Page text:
There were truly exceptional people among those who fled France in the late 18th century. A significant part of them, having faithfully served Russia, returned home as soon as the opportunity presented itself. They include, for example, Armand Emmanuel du Plessis de Richelieu and Count Louis Alexandre Andrault de Langeron, who served as mayors of Odesa, or the painter Élisabeth Vigée Le Brun, who created sophisticated portraits of members of the Romanov dynasty and introduced muslin dresses to the Russian court.

Portrait of Xavier de Maistre by P.E. Zabolotsky, 1840 Source: Wikimedia

Portrait of Xavier de Maistre by P.E. Zabolotsky, 1840 Source: Wikimedia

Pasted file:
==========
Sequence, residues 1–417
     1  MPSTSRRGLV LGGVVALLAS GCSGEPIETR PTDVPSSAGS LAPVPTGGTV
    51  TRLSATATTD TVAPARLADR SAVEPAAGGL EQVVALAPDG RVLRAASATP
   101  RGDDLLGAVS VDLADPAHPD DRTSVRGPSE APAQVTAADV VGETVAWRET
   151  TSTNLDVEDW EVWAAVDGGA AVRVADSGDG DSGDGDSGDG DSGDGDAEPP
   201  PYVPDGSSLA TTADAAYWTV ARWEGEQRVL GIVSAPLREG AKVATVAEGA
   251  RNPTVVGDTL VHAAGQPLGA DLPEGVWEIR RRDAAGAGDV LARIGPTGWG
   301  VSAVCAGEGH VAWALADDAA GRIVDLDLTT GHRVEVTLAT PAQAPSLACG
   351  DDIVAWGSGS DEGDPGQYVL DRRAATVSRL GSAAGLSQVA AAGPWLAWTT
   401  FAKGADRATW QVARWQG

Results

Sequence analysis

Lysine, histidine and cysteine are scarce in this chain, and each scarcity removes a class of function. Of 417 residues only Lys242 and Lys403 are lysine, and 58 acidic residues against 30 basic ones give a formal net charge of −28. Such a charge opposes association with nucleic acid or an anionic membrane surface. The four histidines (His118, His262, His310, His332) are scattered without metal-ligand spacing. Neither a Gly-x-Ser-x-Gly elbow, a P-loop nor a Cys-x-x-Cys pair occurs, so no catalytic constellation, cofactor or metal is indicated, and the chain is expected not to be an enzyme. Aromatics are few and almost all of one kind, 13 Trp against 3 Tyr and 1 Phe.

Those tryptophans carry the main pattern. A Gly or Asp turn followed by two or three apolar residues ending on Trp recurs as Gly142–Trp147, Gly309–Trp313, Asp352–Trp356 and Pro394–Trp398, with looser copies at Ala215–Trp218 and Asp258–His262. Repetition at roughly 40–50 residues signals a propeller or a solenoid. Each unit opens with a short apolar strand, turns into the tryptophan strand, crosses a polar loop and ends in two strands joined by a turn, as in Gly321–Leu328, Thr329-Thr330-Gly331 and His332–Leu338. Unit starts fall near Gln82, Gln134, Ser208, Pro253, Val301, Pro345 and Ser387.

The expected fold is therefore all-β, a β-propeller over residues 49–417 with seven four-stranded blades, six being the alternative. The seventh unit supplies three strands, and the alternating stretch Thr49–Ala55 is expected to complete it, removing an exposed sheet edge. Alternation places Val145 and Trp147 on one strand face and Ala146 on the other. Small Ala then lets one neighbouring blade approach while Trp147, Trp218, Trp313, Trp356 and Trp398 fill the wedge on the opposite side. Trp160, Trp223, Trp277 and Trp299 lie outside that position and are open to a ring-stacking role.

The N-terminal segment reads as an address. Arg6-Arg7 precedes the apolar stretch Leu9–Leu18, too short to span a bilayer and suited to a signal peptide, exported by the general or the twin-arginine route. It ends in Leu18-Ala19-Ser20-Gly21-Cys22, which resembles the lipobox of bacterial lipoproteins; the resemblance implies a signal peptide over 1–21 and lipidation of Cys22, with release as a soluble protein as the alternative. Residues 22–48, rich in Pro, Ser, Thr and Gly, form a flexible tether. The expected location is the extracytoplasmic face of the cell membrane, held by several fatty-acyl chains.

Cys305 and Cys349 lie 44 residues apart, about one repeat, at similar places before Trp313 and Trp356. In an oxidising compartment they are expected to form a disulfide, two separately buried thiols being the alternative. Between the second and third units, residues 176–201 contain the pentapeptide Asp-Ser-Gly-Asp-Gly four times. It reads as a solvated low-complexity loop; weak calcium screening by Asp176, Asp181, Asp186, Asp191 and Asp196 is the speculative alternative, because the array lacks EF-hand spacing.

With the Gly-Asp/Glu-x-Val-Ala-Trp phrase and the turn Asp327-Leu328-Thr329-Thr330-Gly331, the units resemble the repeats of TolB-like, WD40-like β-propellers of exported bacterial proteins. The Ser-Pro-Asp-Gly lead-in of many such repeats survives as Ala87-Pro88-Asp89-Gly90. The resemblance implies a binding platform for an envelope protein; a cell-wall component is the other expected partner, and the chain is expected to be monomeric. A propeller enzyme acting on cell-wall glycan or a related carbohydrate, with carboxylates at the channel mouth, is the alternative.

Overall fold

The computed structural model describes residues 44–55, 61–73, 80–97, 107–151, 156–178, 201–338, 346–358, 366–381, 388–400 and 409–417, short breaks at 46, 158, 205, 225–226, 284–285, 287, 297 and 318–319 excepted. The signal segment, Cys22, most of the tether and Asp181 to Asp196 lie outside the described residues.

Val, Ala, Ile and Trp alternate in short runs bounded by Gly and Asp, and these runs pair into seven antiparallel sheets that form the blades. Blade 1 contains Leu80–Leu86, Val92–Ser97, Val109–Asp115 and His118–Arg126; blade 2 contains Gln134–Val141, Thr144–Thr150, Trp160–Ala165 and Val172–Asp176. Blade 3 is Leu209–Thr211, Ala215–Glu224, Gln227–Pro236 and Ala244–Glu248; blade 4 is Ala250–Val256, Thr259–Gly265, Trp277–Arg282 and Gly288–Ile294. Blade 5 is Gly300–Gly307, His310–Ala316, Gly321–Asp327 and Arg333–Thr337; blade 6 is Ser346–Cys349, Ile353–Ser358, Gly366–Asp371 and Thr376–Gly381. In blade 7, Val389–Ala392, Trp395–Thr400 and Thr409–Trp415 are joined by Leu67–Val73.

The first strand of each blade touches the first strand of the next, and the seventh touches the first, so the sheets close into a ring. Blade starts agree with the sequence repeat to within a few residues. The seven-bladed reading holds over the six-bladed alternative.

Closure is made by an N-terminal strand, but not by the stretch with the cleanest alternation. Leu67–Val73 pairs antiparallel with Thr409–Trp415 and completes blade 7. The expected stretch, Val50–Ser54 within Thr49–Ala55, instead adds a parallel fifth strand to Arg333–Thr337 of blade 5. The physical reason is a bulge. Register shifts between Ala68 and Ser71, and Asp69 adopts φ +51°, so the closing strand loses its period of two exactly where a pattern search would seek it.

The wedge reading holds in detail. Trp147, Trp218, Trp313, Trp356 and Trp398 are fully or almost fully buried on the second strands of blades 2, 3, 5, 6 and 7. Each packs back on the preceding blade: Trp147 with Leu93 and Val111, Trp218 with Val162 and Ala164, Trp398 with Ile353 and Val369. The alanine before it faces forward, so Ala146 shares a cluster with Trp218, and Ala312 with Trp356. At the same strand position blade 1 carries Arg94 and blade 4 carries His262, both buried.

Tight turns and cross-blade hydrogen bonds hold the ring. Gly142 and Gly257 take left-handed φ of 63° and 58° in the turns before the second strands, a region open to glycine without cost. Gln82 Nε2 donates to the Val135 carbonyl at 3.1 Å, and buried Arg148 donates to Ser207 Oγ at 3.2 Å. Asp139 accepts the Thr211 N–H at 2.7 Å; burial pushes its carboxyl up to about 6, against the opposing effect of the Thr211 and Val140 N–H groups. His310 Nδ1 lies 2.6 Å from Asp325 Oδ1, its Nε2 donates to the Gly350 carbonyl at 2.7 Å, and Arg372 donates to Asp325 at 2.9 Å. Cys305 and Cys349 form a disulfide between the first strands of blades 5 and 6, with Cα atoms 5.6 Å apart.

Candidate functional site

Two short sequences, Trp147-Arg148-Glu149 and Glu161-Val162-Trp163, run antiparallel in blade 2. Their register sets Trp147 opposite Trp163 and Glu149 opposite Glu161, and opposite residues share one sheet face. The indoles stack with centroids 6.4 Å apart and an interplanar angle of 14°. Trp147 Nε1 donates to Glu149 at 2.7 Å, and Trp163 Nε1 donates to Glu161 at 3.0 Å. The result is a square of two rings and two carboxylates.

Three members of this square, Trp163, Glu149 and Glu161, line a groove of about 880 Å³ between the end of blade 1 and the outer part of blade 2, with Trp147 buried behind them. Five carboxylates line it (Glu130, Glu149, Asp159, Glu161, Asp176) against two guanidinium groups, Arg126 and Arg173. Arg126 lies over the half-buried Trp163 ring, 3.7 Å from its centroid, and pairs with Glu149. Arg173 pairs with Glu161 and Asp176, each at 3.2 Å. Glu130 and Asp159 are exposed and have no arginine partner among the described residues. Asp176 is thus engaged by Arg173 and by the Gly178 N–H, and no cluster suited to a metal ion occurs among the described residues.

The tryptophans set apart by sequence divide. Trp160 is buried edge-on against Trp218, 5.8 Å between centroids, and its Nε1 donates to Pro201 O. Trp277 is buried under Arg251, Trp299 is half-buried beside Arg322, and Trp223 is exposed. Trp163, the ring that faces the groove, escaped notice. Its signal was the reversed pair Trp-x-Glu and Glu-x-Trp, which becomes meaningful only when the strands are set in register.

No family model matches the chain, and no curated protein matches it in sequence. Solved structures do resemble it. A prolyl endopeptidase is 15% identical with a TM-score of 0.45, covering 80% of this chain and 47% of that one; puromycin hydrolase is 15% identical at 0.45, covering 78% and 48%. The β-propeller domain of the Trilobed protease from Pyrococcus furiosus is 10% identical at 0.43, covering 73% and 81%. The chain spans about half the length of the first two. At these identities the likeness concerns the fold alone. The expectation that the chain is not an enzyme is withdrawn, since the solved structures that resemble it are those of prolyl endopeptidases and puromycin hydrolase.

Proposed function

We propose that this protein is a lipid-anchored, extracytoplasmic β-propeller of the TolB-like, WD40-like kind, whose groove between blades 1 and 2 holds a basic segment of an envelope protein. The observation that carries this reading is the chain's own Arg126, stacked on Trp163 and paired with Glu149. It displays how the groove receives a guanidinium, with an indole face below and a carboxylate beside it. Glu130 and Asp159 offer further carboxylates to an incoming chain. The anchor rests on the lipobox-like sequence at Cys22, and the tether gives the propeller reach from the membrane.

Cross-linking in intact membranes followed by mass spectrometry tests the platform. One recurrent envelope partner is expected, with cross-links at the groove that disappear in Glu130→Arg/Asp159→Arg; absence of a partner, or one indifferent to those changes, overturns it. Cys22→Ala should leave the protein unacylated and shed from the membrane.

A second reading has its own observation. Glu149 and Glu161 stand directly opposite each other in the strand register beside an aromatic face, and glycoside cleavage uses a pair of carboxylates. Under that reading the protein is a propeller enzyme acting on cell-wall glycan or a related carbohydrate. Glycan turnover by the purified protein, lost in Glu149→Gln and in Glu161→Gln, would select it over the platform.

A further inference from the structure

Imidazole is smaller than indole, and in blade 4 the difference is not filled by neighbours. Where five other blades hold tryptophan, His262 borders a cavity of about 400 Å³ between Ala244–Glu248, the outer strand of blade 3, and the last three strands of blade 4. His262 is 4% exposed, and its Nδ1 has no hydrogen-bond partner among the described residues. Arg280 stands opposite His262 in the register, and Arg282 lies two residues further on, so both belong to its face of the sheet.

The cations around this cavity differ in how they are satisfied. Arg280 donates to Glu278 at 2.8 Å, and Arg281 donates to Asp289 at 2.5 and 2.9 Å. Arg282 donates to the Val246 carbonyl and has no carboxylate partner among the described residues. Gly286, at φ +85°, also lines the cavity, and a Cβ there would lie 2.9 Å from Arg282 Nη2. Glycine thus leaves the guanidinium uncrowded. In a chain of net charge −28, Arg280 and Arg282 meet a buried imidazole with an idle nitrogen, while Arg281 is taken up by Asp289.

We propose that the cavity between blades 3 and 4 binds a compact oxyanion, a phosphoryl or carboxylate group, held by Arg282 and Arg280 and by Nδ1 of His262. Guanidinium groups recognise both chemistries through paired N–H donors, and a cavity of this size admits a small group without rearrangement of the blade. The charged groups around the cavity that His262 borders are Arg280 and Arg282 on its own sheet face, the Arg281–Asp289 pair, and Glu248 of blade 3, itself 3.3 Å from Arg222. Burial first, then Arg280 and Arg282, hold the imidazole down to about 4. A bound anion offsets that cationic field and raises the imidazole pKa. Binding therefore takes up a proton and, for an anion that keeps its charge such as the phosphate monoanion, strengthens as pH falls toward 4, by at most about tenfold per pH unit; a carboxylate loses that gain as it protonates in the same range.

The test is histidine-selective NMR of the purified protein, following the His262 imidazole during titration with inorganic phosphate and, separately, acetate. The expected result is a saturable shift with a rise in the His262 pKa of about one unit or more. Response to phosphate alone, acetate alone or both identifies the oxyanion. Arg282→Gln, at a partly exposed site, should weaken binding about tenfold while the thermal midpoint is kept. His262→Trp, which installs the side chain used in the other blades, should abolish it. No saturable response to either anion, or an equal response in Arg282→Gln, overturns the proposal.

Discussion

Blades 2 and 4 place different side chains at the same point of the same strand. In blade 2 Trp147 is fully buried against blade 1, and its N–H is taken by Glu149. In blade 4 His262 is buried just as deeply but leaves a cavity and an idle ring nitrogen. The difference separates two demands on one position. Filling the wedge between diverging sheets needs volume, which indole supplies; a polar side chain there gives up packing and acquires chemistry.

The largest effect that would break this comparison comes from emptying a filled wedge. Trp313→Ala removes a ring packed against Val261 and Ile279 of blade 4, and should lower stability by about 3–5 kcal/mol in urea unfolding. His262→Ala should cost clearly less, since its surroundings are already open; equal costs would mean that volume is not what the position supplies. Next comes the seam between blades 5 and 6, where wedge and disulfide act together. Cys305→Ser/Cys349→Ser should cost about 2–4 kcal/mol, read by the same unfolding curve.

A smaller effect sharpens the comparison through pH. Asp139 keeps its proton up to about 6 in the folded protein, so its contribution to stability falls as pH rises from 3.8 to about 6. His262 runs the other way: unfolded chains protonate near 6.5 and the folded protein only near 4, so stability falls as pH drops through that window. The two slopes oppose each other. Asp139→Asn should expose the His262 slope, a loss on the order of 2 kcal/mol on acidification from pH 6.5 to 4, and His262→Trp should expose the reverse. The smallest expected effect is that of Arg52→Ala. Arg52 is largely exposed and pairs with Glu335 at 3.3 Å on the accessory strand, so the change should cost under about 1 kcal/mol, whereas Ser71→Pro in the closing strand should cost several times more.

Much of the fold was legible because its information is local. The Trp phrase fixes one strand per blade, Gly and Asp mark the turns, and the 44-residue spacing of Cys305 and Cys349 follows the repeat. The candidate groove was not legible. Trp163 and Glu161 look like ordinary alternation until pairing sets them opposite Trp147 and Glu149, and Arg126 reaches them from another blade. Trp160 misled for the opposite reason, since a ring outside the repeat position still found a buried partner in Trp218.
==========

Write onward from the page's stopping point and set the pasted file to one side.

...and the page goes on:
The fate of the Savoyard Count Xavier de Maistre, brother of the famous conservative philosopher Joseph de Maistre, was different. He fought the French revolutionary forces as part of the army of the Kingdom of Sardinia, but hid in the mountains after their defeat. Deprived of all property by decree of the new authorities, de Maistre went into Russian service. He participated in the legendary Swiss campaign of general Alexander Suvorov, but, after a quarrel with him, de Maistre settled in Moscow and began making a living painting portraits. De Maistre gave us the portraits of the three-year-old Alexander Pushkin and his mother: perhaps we even owe him Pushin’s passion for writing poetry. Pushkin’s older sister Olga claimed that her brilliant brother decided to become a poet after hearing de Maistre recite his own verses.

Xavier de Maistre lived a long life, during which he wrote several books about Russia and translated major Russian authors into French. He died in Strelna, a suburb of St. Petersburg, in 1852, aged 88.

A Jamaican-Soviet engineer